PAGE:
What is Strobe Falloff Underwater Photography

Taking pictures underwater is an exciting and truly rewarding experience. For those who are just building their skills, however, there is a wealth of information that must be reviewed. For instance, when it comes to underwater photography – What is strobe falloff is a very common question. Fortunately, this aspect of snapping pictures while snorkeling is not that difficult to understand.

Strobe Falloff

Strobes help to light up the darkness that exist deep below the surface of the water. Without them, it would be difficult to capture amazing shots and take full advantage of all the rich colors that are available. This is especially true when diving to greater depths. Once divers reach just thirty feet or 10 meters in depth, light will have declined significant.

This is also a problem when the sky is overcast. Those who take picture beneath the water have an array of lighting issues that land photographers do not have to contend with. An overcast sky and twilight or evening hours can mute colors and turn a spectacular display of marine life into a dismal setting. Strobes bring light, contrast and vivid color back into the setting and make taking pictures underwater worthwhile.

It is important to note that it is actually very easy to position and use a strobe, even for beginners. This additional equipment will add a wealth of new colors to photos even when the sky is relatively clear and the hour is early. This remains true when just a single light source is used.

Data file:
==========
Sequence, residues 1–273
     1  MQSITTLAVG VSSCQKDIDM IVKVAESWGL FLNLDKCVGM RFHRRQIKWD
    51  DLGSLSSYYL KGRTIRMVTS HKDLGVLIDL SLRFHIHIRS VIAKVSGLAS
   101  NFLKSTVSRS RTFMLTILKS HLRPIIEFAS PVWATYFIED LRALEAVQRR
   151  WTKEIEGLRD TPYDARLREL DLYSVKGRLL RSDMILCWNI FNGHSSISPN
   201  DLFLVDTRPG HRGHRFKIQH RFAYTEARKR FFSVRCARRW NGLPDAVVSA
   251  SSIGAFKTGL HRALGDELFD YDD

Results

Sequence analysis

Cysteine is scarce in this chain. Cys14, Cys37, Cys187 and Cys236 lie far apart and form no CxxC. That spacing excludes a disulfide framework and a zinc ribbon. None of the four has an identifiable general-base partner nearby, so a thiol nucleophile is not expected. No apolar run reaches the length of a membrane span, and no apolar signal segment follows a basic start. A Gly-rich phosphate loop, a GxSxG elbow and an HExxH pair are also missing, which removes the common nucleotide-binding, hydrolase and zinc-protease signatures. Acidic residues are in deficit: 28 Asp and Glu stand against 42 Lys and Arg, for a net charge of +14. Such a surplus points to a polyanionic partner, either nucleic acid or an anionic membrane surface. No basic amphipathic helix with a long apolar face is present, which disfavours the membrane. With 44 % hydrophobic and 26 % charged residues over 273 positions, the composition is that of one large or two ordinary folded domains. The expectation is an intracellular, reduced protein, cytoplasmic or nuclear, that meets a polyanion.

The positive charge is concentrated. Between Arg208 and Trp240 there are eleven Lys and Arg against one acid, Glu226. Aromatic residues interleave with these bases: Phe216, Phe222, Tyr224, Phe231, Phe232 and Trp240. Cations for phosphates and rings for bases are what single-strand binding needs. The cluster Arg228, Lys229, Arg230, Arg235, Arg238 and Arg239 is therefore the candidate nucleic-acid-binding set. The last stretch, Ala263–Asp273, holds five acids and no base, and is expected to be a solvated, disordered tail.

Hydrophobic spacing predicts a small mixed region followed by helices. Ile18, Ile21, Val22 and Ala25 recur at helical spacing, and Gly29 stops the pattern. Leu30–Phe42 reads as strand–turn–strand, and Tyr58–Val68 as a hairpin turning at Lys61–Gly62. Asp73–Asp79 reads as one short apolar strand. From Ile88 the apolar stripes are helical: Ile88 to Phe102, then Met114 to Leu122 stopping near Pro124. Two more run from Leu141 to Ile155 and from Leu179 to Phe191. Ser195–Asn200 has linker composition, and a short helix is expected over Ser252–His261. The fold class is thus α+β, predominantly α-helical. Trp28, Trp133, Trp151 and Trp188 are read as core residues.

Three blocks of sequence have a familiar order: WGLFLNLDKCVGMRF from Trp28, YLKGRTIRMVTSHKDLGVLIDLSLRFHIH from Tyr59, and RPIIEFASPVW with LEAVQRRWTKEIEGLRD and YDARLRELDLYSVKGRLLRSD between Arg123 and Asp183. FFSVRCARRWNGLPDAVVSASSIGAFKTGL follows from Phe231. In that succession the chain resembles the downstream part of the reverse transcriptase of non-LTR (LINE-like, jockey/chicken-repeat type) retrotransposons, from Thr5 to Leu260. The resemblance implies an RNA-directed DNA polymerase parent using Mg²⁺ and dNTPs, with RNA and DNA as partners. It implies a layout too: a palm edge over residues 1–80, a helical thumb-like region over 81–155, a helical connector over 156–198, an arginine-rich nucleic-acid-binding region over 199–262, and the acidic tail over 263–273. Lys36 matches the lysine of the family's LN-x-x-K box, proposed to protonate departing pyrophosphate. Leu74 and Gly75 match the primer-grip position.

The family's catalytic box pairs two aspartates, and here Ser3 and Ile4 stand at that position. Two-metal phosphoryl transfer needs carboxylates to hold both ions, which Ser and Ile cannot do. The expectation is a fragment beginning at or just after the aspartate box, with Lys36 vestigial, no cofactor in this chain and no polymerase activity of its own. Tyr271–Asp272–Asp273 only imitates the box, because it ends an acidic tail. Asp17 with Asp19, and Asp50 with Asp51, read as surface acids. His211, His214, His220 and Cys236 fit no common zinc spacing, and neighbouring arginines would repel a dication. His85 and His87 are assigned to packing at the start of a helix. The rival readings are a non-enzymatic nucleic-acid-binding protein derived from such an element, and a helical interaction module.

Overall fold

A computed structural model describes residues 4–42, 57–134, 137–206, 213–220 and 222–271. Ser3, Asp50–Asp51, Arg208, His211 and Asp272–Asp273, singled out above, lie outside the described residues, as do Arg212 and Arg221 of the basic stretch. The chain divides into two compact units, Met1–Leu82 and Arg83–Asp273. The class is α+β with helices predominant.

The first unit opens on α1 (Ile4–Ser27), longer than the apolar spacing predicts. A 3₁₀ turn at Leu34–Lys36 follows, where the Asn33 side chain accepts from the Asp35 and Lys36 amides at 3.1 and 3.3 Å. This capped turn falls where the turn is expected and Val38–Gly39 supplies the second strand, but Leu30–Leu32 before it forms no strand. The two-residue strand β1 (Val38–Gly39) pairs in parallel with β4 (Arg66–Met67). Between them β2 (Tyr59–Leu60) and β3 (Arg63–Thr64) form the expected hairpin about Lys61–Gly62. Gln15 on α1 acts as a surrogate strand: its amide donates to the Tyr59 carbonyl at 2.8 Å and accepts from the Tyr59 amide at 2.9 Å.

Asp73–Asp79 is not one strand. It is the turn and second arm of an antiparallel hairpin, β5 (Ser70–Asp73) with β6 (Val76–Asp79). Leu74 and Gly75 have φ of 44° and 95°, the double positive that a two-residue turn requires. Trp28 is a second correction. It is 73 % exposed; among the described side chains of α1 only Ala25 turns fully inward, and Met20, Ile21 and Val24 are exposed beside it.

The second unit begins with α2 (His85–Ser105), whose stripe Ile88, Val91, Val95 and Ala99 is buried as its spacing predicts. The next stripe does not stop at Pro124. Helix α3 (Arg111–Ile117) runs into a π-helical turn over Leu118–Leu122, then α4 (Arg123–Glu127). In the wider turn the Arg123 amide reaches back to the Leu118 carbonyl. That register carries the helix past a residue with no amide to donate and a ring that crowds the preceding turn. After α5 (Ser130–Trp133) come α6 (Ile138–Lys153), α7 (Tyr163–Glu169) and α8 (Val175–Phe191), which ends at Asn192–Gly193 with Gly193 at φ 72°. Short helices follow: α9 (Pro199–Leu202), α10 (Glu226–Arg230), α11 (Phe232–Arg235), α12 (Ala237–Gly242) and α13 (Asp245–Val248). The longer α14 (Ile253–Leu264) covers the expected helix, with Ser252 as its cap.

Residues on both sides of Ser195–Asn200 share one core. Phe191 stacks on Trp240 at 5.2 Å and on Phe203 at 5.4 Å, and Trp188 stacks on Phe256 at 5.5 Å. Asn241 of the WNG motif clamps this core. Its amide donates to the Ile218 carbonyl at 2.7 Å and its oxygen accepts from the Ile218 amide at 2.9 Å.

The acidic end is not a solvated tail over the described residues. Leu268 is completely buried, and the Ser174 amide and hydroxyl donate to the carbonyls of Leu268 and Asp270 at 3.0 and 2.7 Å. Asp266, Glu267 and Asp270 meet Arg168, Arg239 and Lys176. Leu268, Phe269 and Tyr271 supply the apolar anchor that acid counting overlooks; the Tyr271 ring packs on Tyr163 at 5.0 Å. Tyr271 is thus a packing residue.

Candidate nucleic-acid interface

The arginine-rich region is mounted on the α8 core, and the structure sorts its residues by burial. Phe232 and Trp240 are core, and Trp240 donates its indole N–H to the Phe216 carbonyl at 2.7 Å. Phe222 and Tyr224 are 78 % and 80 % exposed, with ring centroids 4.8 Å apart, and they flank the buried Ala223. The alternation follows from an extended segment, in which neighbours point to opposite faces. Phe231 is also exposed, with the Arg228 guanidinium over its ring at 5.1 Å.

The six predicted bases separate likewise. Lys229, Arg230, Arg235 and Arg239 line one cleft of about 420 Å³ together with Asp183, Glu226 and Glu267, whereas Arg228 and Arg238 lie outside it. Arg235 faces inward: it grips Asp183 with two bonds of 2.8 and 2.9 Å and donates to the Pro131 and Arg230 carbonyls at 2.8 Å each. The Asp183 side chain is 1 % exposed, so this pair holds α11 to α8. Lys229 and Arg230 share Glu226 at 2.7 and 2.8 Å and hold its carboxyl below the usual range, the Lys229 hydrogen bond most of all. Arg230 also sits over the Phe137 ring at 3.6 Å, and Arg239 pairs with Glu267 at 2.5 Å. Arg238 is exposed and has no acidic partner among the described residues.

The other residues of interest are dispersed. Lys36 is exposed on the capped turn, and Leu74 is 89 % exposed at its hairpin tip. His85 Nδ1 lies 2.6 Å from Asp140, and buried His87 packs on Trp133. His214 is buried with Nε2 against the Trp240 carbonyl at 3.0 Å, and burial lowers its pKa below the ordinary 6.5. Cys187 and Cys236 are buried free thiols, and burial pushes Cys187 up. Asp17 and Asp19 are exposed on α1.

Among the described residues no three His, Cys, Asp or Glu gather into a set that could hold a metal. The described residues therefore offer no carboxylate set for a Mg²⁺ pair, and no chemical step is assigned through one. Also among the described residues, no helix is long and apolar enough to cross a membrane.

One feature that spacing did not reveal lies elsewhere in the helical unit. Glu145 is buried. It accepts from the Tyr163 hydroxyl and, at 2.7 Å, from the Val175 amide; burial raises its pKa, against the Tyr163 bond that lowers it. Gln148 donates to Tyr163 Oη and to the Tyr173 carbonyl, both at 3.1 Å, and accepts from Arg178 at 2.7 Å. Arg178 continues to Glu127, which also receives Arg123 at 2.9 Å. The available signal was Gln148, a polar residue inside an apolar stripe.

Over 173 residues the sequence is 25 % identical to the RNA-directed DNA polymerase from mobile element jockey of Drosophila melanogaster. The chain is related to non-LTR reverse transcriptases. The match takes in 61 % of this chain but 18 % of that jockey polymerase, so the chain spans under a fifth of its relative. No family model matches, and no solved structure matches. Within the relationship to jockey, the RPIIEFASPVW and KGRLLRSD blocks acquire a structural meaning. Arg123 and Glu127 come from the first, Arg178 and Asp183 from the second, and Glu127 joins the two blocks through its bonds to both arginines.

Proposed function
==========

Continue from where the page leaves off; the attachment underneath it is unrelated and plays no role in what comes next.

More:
Strobe falloff is the amount of light from the strobe that is lost in direct relation to the distance. The power of strobes will be invariably be diminished by its distance from the actual subject. Typically, this reduction in power is about twenty-five percent when the light source is move approximately one to two feet away from the target. Assessing this loss is one of the most complex parts of using this equipment, however, practice in using strobes will make it much easier for photographers to quickly gauge how much power they are getting in different set-ups and shots.

Understanding the power of strobes is vital for choosing the right settings. You will have the option of using a manual or automatic setting. Those with considerable experience often opt for manual settings. This gives them a greater range of flexibility in terms of controlling lighting and capturing colors the right way. More importantly, these individuals have a clear understanding of the amount of power that they will need in order to get the shots that they want and want to be able to use their strobes accordingly.

Manual settings are frequently used by divers who use two strobes. Automatic settings are only best in environments in which natural lighting will not undergo any significant changes and focusing distance remains fairly static. It is often the ideal choice for macro photography.

In order to properly account for strobe falloff, it is best to avoid automatic settings in instances in which the subject will be moving rapidly to or away from your lens. There is simply no easy way to account for these dramatic differences in distance. This is why it is always good for divers to become astute in using and manipulating manual settings in different underwater environments and with different subjects.

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